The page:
Predicting the impact of smart metering

by Mark Thompson

Mark Thompson

In many countries around the world, smart metering technologies are now either being deployed or on the brink of deployment – but in many cases, there is still a lot of uncertainty about the effects that their introduction will have for network operators, suppliers and customers.

We all know that smart meters will enable remote operations and generate enormous amounts of data – and that they should deliver a wide range of benefits if the necessary improvements to business processes, information access and IT systems can be made. Energy companies know that they will face real challenges, but they have lacked the tools to technically assess the impact of smart metering on downstream systems and processes.

Meter data simulators have the potential to change this situation completely. A simulator works by creating a logical model of the low-voltage distribution network – from the grid down to the substations, phases, and smart meters that have been connected. The simulated model can then be used to generate “dummy” meter data and mimic the live operations of the meter to simulate a range of scenarios.

In our work on simulation so far, we are focusing on modelling different types of power outage. These outages are a major pain-point in the energy sector: network operators are penalised for failing to maintain a secure supply, while energy suppliers will face a flurry of customer complaints and information requests until the fault is fixed.

Working with one of our Distribution Network Operator clients, we are developing a solution that will be able to simulate a wide range of outage scenarios and understand how meter data can help the client to respond more quickly and effectively.

For example, we can model a situation where an electrical fault causes one or more of the feeders at a substation to go offline. The customers whose meters are connected to the affected feeders lose power; but before they do so, we simulate the meters sending a “last gasp” message to the central database, which informs the network operator that they have gone off supply. The simulator also updates its internal database to reflect the de-energised state of the meter.

By aggregating these messages and identifying patterns, the network operator can identify which customers are affected, and can start to diagnose the problem even before it sends an engineer out to the site.

Such simulations can help a network operator evaluate the effects of remedial action in order to establish the best working practices before the meters themselves are actually deployed. An energy retailer could also use the simulator in a similar scenario to help plan its customer care strategy during a power outage.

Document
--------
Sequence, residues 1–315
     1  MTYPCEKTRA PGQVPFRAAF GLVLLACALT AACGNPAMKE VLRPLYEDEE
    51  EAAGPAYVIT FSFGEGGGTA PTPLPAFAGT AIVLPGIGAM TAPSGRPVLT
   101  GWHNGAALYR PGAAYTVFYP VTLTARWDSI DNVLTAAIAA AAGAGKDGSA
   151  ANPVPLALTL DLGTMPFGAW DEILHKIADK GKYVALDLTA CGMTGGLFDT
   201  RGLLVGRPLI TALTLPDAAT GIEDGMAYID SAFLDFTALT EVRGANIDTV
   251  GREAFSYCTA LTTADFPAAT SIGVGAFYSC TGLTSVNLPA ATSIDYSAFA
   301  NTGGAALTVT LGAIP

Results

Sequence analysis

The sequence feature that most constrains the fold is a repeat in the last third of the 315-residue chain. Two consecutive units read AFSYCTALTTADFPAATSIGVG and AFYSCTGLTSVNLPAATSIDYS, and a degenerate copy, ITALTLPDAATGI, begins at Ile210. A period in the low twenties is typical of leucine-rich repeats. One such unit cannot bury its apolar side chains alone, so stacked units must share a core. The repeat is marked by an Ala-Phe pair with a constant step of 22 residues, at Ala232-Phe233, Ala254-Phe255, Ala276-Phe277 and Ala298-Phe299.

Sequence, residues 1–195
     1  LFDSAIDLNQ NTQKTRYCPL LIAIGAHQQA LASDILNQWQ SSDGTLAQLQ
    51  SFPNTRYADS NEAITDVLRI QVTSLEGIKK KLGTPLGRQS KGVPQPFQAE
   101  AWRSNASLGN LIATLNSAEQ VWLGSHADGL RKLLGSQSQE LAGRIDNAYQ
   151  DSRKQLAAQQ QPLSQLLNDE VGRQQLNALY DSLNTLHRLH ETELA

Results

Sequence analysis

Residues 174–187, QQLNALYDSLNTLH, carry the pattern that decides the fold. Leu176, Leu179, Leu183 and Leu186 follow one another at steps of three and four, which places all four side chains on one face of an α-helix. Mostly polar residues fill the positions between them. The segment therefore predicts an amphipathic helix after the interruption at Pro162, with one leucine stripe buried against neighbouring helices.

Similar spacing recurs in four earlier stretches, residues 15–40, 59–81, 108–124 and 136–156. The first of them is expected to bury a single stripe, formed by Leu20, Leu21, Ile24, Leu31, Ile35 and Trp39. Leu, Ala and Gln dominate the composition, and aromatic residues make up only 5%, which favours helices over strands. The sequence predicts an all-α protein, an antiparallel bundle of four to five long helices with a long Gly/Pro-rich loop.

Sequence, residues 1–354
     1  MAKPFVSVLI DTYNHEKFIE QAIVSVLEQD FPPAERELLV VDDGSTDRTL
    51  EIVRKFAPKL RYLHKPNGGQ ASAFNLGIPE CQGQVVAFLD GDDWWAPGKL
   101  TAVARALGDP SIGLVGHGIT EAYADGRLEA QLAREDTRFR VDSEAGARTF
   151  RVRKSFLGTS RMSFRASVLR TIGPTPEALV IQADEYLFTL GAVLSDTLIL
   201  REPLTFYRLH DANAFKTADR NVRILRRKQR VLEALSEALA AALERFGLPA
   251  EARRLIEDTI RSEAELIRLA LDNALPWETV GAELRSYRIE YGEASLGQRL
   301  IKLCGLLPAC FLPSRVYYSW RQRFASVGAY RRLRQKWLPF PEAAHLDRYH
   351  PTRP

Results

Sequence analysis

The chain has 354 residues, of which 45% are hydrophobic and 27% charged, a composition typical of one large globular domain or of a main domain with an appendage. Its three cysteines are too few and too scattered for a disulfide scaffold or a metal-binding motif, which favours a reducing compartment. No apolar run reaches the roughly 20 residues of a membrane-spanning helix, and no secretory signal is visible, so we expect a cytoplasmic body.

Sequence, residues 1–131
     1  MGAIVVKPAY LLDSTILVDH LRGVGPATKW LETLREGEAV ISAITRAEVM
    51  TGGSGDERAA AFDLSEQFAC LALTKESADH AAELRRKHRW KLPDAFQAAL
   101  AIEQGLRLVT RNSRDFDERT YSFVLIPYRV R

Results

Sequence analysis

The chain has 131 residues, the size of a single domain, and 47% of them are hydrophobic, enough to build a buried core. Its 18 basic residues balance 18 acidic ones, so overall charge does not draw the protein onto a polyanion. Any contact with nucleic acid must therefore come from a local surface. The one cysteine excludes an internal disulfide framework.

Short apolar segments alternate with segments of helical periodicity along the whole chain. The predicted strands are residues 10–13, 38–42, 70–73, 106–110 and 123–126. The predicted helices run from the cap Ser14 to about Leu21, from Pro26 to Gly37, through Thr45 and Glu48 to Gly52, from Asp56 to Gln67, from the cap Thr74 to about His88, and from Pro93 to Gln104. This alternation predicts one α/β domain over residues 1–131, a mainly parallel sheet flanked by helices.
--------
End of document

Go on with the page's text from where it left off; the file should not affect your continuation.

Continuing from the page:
Outages and restorations have been the focus of our initial work with the simulator, but we are also keen to start harnessing its potential in other areas, to assess the benefits for all parties involved in the smart metering rollout.

For example, if suppliers are allowed to collect meter data on a daily or even half-hourly basis, they should be able to provide real-time insight into consumption – but what would be the best way to let customers interact with this data? What effect will the introduction of new services such as interval billing have on existing IT systems? What new processes and safeguards would need to be put in place if we wanted to use the data to identify and support vulnerable customers? What new and valuable insights can be gained from all the technical meter data that suppliers will now receive?

By generating realistic simulated data on a large scale and feeding it into participants’ test systems, we can help them get a much more accurate idea of the future requirements and technical impact of this new technology. This will enable them to prepare effectively and hit the ground running as soon as their smart meter rollout is complete.

Even after the rollout, a simulator could continue to help with impact assessments for the development of new products and meter technologies as new generations of meters become available.

In fact, it’s difficult to imagine a smart metering business scenario where simulation wouldn’t be useful. At the moment, we are still working with our clients to identify additional use cases, and the list is growing rapidly. We may not even have begun to explore its full potential yet, but over the next six to twelve months, we expect meter data simulation to become a hot topic in the industry.

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